Like most twelfth century battles fought between Christian powers, this was not one which resulted in the complete destruction of the defeated side or which left them with only the option of unconditional surrender. The Emperor was able to retreat and to rally the remainder of his forces. However, the defeat made Friedrich I realise that he had to seek a compromise with the Italians. It is possible that he thought that he might be faced with an alliance between the Guelf, the Lombard League and Pope Alexander. To the surprise of his contemporaries, his first treaty with Pope Alexander III was signed in November 1176 at Anagni. Barbarossa agreed to forsake the anti-Pope and to renounce all Italian possessions which were claimed by the Pope (i.e. Romagna, Spoleto, Ancona, Toscana and the non-feudal possessions of Matilda of Canossa). He was also obliged to end the war with the Lombard League. Pope Alexander released him and all his partisans from excommunication and recognized him as Emperor and his son Henry VI as Emperor-designate. What is more, the Pope even accepted all clerics who had been partisans of Emperor and the anti-Pope(10).

Friedrich Barbarossa stood his ground on the matter of the Lombards. This forced the Pope, who had been the ally of the Lombard League, into a compromise: 15 years truce. In order to gain the Emperor's consent, Alexander himself had to offer to renounce the revenues from the Matildan possessions for these 15 years. The treaty was signed on 1st August 1177. The Emperor remained in Upper Italy for a long time, finally moving on to Burgundy in 1178 where he was crowned King of Burgundy in Arles. It was not before October 1178 that he returned to Germany.

It was there that Henry the Lion was in conflict with Bishop Ulrich of Halberstadt and Archbishop Philipp of Koln (Cologne). When these two clerics formally accused him before the Emperor, the latter allowed the complaint to take its course. Henry the Lion refused to recognize the often repeated and prolonged citations, obviously because he trusted in his powerful position and because he could not imagine the possible consequences. He was condemned to the ban of the Empire because he refused to pay a fine of 5.000 marks. Barbarossa inaugurated the feudal law court procedure. Henry continued to refuse to defend himself in court, and he had been condemned to the loss of all his imperial fiefs. In April 1180 at the Imperial Diet of Gelnhausen, Henry's imperial fiefs had been distributed to other nobles.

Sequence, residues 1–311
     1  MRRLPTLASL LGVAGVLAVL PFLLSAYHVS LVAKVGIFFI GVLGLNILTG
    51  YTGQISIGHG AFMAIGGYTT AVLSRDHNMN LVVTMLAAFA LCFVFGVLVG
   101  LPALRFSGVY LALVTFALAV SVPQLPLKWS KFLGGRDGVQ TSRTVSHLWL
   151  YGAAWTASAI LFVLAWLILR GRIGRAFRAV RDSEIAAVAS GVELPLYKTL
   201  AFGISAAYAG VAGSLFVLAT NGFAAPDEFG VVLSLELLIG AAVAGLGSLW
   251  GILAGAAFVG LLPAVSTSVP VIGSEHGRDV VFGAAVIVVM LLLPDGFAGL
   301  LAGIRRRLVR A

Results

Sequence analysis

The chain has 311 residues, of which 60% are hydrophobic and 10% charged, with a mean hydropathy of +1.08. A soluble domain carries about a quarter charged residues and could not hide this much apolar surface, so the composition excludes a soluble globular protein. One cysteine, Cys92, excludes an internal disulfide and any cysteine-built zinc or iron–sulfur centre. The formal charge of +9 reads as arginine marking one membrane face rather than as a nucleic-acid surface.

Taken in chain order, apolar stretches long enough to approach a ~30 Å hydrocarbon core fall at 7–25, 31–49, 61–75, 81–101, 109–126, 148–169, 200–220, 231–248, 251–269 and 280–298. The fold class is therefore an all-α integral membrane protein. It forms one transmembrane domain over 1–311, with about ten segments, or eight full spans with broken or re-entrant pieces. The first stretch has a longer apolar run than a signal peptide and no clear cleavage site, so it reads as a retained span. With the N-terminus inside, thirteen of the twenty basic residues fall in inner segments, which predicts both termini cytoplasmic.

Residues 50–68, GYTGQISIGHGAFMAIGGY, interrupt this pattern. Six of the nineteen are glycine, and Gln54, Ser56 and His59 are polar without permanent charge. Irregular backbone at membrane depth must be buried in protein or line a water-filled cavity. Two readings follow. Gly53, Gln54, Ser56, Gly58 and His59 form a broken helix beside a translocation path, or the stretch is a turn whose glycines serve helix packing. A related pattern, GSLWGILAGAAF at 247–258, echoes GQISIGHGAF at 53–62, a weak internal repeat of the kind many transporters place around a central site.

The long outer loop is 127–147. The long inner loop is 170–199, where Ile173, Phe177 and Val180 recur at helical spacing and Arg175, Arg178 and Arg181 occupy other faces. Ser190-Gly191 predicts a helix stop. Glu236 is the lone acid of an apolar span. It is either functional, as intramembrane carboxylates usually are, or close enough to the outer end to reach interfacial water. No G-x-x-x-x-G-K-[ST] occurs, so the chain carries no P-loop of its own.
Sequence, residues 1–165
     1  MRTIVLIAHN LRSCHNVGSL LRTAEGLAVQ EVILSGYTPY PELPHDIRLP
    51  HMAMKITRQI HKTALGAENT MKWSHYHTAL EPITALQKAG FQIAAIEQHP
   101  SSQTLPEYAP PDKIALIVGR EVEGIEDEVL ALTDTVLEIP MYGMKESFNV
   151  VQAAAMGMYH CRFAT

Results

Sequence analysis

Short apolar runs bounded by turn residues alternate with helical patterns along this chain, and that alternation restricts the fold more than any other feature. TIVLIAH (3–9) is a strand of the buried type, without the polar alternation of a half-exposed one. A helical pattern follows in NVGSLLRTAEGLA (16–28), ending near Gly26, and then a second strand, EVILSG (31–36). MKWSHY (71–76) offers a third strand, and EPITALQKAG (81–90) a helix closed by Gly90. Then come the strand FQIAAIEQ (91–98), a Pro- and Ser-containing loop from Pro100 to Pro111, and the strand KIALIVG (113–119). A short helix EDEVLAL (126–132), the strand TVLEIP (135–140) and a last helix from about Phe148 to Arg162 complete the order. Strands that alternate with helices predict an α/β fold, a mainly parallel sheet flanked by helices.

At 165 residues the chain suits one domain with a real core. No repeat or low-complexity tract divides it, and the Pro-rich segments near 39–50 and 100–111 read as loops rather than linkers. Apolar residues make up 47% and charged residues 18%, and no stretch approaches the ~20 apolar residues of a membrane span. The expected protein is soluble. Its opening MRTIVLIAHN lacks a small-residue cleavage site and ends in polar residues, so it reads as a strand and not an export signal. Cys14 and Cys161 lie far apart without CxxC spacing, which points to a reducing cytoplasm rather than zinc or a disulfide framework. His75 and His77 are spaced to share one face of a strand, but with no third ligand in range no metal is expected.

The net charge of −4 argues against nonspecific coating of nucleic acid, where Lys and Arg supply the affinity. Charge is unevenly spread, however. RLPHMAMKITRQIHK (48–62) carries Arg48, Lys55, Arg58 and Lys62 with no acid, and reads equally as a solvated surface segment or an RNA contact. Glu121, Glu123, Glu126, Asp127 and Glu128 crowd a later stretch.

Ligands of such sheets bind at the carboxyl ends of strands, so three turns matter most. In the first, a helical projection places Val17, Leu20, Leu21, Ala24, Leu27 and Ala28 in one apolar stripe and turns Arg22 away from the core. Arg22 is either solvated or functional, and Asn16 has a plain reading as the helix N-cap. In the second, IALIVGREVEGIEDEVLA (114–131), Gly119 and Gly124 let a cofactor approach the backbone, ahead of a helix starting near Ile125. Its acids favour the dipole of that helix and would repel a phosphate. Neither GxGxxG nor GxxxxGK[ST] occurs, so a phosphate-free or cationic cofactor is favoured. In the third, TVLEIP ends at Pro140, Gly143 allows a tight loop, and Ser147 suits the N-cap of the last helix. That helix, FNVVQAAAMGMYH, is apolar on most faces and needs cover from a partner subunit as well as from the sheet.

Bavaria had been reduced and had been handed over to the Wittelsbacher, Styria (Steiermark) became a new duchy, the counts of Andechs received the Duchy of Croatia, Damatia and Merania (more of a title, than real territorry).

Westfalia was separated from Saxony (Sachsen) and the Archbishop of Koln (Cologne) became its Duke. The youngest son of the Ascanian Albrecht der Baer (Albert the Bear) became Duke of the rest of Saxony. By this -with the exeption of the Ghibellin Swabia (Schwaben)- all the old tribal duchies had been split and weakened. The number of dukes in Germany had nearly doubled in the period from the era of the Ottonians and Salians to the beginning of the Hohenstaufen dynasty. No longer would a single duke be able to wield sufficient power to challenge the authority of the Ghibelline (Staufer) King or Emperor.

In June 1180 -as the law required- one year after the imposition of the ban of the Empire, Henry was condemned to the "upper-ban of the empire", and he was legally dispossessed of all his properties. Immediately after this sentence had been passed, an imperial army expedition (Reichsheerfahrt) marched to execute its terms. This lasted for over a year, but the military initiative was always on the side of the Ghibellines. In November 1181 the defeated Henry the Lion attended the Imperial Diet at Erfurt and submitted to the Emperor. The family properties in the area af Brauschweig and Luneburg were restored to him on the condition that he leave the empire for five years of exile at the court of his father in law in England.

(1) From a historical perspective, this Northern and Central Italian communal movement, which later spread to southern Burgundy, had been the origin and first climax of political and social urban movements in the Middle Ages. These later included the Rhinean League, the Hanseatic League, the Swabian League and the iuration (="swearing an oath") communities, especially the Swiss Confederation. The Upper Italian communes were the model for later self-governing towns with republican constitution in the north.